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OK, so you believe Google and the NYT are so different in scope that it's silly to compare them at all, as it would be to compare Little League to MLB, or 2 entirely sports even? I agree with that, which is why I argue that the purported hypocrisy of the NYT's policy is trivial – nevermind that the reporters do not have executive power over site and business operations, nor do we know that they aren't pushing for reform in their own house.

If the president of the World Curling Federation were to publish an op-ed on how the NFL's policies and protocols were inadequate in protecting players from permanent brain injuries, would "How big is curling's global audience and revenue compared to the NFLs?" or "How many pages does the WCF policy book devote to concussion protocols?" be relevant angles of rebuttal?

You're dodging the point here - the point is that the scope of the privacy policy should correspond to the scope of the business. And the NY Times privacy policy has basically the same scope as Google's privacy policy, despite them not providing useful services at the same scale. The evolution of Google's privacy policy in fact is about the increase in the scope of Google's business.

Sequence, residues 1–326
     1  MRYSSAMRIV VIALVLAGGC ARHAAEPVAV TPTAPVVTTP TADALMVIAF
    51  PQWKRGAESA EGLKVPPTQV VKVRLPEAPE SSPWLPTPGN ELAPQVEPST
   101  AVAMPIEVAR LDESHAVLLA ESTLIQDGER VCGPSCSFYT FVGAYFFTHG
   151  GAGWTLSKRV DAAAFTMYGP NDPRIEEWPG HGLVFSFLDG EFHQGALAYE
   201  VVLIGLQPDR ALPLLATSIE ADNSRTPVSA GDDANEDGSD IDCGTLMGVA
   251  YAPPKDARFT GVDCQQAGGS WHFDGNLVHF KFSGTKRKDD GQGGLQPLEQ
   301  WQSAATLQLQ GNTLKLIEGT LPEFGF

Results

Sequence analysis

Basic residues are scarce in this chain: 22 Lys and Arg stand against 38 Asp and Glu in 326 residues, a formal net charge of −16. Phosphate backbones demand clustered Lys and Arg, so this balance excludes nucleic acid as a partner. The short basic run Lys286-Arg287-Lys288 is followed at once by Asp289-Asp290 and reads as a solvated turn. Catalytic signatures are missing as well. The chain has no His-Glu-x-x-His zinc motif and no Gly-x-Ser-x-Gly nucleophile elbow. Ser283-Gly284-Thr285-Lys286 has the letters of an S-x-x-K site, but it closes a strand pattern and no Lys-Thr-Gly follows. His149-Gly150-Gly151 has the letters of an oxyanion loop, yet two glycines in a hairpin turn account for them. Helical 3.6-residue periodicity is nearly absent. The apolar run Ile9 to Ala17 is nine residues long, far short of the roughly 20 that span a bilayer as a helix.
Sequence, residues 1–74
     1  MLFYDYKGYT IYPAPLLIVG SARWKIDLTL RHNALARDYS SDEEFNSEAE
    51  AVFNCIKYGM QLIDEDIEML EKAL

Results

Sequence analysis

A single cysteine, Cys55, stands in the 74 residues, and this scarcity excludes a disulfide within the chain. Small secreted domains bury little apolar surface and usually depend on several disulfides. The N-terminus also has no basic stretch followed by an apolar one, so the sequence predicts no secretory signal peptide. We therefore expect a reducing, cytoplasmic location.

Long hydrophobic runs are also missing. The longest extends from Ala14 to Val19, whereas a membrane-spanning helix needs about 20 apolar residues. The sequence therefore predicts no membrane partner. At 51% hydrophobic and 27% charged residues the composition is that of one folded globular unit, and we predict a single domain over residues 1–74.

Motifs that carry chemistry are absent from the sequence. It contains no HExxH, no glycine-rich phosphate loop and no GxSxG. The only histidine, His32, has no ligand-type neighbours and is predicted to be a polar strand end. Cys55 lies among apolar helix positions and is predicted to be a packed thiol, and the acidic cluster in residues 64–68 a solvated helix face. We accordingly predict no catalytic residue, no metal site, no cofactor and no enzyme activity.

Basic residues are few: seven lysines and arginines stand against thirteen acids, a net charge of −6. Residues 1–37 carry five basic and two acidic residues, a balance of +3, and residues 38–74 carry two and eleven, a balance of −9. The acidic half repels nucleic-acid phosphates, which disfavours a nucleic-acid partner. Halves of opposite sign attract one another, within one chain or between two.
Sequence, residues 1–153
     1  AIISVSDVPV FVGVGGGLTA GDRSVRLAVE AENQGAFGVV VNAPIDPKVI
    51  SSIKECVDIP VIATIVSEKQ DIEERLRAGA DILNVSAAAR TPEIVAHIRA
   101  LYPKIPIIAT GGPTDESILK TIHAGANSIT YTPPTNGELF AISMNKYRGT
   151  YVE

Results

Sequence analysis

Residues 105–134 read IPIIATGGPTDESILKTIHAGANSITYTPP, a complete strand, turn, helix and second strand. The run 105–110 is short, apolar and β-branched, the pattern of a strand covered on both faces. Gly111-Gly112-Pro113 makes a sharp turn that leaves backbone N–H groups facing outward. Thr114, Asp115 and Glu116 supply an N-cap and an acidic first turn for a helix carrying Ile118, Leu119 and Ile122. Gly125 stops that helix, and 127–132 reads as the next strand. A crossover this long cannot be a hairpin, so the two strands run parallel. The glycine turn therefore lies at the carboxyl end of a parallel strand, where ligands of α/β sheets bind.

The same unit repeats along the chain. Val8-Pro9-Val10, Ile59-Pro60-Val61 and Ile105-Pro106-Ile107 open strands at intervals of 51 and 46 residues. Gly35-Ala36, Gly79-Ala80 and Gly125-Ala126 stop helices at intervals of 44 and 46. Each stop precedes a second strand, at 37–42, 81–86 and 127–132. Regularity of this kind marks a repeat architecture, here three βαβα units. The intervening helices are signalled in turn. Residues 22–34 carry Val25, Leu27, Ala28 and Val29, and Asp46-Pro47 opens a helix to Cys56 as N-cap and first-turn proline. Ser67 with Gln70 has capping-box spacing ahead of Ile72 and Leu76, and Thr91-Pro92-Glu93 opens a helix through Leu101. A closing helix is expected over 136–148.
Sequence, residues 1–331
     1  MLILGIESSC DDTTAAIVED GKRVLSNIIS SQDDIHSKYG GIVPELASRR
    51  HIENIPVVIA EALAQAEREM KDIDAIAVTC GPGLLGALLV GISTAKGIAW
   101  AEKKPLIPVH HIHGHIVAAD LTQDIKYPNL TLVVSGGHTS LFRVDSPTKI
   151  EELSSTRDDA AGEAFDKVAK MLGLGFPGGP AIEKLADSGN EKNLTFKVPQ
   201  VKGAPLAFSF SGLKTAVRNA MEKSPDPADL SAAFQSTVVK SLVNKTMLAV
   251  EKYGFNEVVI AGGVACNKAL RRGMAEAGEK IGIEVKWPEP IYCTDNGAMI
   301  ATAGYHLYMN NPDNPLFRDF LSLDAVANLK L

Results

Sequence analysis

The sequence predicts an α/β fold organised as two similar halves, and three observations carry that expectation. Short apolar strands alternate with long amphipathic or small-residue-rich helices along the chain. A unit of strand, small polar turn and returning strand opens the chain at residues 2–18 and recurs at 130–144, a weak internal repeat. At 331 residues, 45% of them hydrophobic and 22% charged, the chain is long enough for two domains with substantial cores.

It's not so much hypocrisy as the fact Google's collection and use of data is skewed towards providing better services to consumers while New York Times's (and their partners' through the site/app) collection and use of data is skewed towards monetization.

As I said in another comment, you are seriously underestimating the size of the NYT. By many metrics, it's the largest global news organization based in the US and one of the largest in the world. Certainly larger than CBC, CNN, FNC, NBC News and about the same size of the BBC (and a bit smaller than Reuters and AP).

Their data collection helps them decide where to build new news bureaus and news rooms and also what content they should surface to their readers. I get a very California focused NYT vs my friends who live in NYC and London.

Also, I'm sure a chunk of their privacy policy is actually impacted by using Google as their ad service and a passthrough from Google's to them.

I'm not underestimating anything at all - how many news organizations have apps that run on Android? How many of them run Google ads? Google's privacy policy has to account for all of that. And all of that is a relatively small business compared to Google's cash cows. They are not at all comparable in terms of scale or diversity of services offered. Yet, in terms of privacy policy, they are quite comparable. Back when Google's business was at NYT's scale, its privacy policy was considerably shorter.

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